The Americans With Disabilities Act ("ADA") prohibits discrimination on the basis of disability in all employment decisions. In order know what your rights under the ADA may be, however, you need to understand certain things about the ADA.
1: The word "disability" in the ADA means something more than you might think.
The ADA definition of a "disability" is a legal one, rather than a medical one, such as the one used in determining eligibility for disability benefits.
The ADA defines a "disability" as "a physical or mental impairment that substantially limits one or more major life activity." However, the ADA definition goes further, and includes "people who have a record of such an impairment, even if they do not currently have a disability." Finally, the ADA definition includes people who do not have a disability but are regarded as having a disability.
2. What is a "major life activity?"
The ADA doesn't really define "major life activities," but instead, provides a non-exhaustive list of example.
According to the ADA, "For purposes of [the ADA], major life activities include, but are not limited to, caring for oneself, performing manual tasks, seeing, hearing, eating, sleeping, walking, standing, lifting, bending, speaking, breathing, learning, reading, concentrating, thinking, communicating, and working."
In 2008, Congress passed the ADA Amendments Act that expanded the concept of "major life activities" to include "the operation of a major bodily function, including but not limited to, functions of the immune system, normal cell growth, digestive, bowel, bladder, neurological, brain, respiratory, circulatory, endocrine, and reproductive functions."
3. To bring an ADA case, you must be "an otherwise qualified individual."
The ADA prohibits discrimination on the basis of a disability. HOWEVER, in order to prove that the discrimination is based on a disability, an employee must prove that he/she is fully-qualified and able to perform the job. The employee can show that he/she can perform "the essential functions of the job" without an accommodation, or with a reasonable accommodation.
4. How reasonable does an accommodation have to be?
The ADA requires an employer to provide a disabled employee with a reasonable accommodation if requested. A reasonable accommodation is one that allows the employee to perform the essential functions of the job, but which does not impose an undue hardship on the employer. For example, an employee cannot demand, as a reasonable accommodation, that an essential function of the job be taken away from the employee and assigned to another employee. Nor, if the employer considers specific attendance standards to be an essential function of the job, can the employee demand attendance standards that are more lenient than those afforded to non-disabled employees.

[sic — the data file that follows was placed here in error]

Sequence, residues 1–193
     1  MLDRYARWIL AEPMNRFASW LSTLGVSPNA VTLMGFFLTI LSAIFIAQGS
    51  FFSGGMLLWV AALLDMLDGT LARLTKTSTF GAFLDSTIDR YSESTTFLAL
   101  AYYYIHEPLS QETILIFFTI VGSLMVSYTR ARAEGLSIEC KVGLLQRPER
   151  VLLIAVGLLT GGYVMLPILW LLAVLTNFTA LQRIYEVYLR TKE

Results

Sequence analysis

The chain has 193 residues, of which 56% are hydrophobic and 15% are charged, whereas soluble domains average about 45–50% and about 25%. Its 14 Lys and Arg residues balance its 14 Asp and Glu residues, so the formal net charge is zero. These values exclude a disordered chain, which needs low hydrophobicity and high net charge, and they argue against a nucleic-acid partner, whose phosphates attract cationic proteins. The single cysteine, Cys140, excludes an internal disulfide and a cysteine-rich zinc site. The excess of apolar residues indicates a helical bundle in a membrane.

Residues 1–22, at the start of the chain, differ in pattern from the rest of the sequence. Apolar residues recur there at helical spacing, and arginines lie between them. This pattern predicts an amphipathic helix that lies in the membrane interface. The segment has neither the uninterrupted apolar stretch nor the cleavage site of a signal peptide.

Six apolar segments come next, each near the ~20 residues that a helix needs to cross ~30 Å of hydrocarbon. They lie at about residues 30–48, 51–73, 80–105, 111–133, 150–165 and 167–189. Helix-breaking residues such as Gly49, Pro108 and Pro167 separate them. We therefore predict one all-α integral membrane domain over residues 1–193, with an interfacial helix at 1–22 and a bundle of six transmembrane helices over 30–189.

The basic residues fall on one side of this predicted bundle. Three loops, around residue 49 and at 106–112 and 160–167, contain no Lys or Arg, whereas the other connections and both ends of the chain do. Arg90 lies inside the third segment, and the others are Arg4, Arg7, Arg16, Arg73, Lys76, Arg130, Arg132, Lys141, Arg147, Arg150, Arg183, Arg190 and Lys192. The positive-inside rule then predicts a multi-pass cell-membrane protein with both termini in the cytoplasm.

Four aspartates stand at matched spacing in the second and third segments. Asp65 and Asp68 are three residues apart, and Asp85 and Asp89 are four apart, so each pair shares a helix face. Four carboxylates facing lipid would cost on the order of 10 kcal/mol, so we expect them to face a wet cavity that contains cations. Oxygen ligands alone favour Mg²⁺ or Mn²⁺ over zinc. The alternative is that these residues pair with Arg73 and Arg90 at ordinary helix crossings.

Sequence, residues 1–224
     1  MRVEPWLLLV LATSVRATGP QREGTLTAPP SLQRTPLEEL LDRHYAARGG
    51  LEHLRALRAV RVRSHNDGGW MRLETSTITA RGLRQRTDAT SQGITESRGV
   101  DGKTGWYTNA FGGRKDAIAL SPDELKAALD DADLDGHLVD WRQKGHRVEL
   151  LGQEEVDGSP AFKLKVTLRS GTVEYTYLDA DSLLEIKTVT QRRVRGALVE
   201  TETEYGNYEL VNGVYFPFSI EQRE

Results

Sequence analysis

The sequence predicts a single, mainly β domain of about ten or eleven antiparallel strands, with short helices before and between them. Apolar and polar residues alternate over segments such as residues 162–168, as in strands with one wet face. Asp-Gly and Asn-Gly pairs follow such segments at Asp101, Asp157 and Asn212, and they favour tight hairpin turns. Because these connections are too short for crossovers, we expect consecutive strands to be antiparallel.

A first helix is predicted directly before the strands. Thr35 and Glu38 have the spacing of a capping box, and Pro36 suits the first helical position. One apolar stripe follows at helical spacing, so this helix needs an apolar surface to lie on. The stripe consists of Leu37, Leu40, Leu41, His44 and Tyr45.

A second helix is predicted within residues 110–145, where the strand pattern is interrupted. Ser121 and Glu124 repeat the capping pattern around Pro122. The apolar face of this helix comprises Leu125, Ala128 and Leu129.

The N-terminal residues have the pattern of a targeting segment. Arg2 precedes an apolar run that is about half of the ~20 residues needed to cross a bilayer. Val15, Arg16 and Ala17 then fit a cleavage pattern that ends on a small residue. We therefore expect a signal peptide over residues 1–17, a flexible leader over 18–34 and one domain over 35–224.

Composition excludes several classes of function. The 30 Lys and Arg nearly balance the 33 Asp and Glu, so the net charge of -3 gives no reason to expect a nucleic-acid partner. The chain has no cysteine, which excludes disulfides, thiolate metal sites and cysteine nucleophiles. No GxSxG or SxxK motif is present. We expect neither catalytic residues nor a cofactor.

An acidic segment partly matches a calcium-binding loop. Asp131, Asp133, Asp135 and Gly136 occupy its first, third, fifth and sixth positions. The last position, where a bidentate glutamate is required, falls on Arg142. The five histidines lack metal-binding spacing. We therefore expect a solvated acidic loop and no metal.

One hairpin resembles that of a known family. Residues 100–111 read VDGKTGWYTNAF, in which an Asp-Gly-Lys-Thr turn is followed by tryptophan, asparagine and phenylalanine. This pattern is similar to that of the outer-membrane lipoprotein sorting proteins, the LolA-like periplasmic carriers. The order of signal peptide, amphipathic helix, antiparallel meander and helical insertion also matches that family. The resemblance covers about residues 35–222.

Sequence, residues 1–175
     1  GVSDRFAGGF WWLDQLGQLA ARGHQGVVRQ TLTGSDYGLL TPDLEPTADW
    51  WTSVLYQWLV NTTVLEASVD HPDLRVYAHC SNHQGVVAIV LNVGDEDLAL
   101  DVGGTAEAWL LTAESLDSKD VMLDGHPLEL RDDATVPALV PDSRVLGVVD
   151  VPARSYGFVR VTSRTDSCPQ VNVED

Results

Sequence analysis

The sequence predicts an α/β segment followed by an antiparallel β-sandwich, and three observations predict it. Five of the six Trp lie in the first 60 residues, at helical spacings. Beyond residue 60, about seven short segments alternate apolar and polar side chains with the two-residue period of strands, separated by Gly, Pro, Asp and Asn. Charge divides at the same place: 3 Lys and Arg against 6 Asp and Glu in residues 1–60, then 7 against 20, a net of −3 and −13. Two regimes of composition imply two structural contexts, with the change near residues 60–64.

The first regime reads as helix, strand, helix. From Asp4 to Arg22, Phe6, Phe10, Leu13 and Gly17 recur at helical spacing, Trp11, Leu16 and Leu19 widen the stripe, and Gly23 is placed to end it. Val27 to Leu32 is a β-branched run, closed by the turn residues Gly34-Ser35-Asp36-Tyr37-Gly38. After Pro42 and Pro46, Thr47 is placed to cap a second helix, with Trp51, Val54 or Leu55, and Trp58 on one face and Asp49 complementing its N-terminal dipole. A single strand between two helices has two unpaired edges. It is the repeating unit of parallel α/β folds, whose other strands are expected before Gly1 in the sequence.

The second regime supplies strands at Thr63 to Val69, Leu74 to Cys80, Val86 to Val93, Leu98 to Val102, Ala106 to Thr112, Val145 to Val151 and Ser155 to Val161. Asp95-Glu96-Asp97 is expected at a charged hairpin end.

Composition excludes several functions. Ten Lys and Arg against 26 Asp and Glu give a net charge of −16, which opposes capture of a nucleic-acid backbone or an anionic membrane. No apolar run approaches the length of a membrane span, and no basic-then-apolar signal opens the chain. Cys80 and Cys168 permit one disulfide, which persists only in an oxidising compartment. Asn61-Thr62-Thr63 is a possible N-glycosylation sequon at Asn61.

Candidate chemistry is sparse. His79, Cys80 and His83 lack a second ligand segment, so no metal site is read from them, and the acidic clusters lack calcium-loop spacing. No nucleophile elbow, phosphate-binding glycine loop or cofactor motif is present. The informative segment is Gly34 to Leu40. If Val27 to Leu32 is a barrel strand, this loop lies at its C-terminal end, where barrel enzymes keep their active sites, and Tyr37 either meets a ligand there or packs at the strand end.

Just because there is some financial or other cost to the employer, an accommodation does not necessarily impose an undue hardship on the employer. And, a reasonable accommodation can involve transfer of the employee to another position, although the employer is not required to CREATE a new position to accommodate the employee.
5. "Regarded as Disabled" Claims
A "regarded as" disabled claim does not require the employee to prove that the employer actually believes the employee has a disability as that term is defined in the ADA. Instead, the ADA only requires that the employee prove that his employer believes the employee is incapable of doing the job for some health or medically related reason.
This can include situations where the employer erroneously believes that the employee condition would be dangerous to other employees or customers. For example, terminating an employee who is HIV+ because other employees are afraid to work with the employee.
Like all federal anti-discrimination statutes, the ADA makes it illegal for an employer to retaliate against an employee who either attempts to exercise his rights under the ADA, assists another employee to exercise those rights, files an ADA complaint, or participates in the investigation or prosecution of a violation of the ADA.
Additional resources provided by the author
For additional information on the ADA, go to the Department of Labor's website.
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